Overcast and cool. Last night’s storm has left the Japanese stiltgrass sprawled this way and that, its stalks just beginning to turn red.
Sun glimmering through thin, high clouds. The distant rumble of a train. In the long grass, each drop of dew begins to shine.
White sky with distant crows. The stiltgrass in the meadow is still lying low after a thunderstorm yesterday at dusk.
Sunrise thunderstorm: the sky darkening just when you least expect it, then the downpour and all the leaves of grass nodding like headbangers as the thunder booms.
Cold and quiet. A junco foraging in the stiltgrass chirps after every beakful. A five-squirrel parade snakes past the yard: mating season.
Clear and cold. I see that the stiltgrass stems have all turned color in the yard—a chaos of feathery green threaded through with red.
Autumn comes from the ground up: stiltgrass stems reddening as bracken fronds bronze, while funnel spiderwebs snag the fog.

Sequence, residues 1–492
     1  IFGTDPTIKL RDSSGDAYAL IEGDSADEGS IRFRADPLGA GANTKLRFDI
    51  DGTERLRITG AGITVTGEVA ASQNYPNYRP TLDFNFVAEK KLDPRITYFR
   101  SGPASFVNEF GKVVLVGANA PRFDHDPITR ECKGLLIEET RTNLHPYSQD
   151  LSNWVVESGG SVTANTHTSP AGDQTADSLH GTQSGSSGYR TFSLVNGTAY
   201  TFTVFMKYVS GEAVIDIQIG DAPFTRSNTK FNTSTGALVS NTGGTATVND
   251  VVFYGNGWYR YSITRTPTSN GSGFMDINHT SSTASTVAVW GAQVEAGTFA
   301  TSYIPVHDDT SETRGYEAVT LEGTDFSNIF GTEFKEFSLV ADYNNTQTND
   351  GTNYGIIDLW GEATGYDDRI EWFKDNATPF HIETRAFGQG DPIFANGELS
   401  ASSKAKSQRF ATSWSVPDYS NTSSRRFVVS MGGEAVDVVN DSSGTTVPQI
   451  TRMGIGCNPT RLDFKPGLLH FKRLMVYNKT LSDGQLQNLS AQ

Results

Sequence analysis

So much song from a single robin perched 80 feet up in a black locust! Down below, juncos comb through the prone stiltgrass for seeds.
Overcast. A strong smell of sewage from the treatment plant two miles away. Juncos forage in the dead stiltgrass, chirping back and forth.
A few, tiny patches of snow linger behind clumps of dead stiltgrass. The sun blazes through the thinning crown of an oak; I start to sneeze.
All the most supine stiltgrass has grown white fur in the night. Two nuthatches foraging at the woods’ edge react badly to my sneeze.
Like hair on a head the way the stiltgrass falls about in orderly whorls. A raven flies over, hoarse cries out of sync with its wingbeats.
Among the died-back stiltgrass below the porch, a cluster of native deer-tongue grass has emerged, pointed “tongues” just beginning to curl.
From under a hat brim ablaze with sun, I gaze out at the stiltgrass glazed with frost. Jays in the treetops. Falling acorns tick and tock.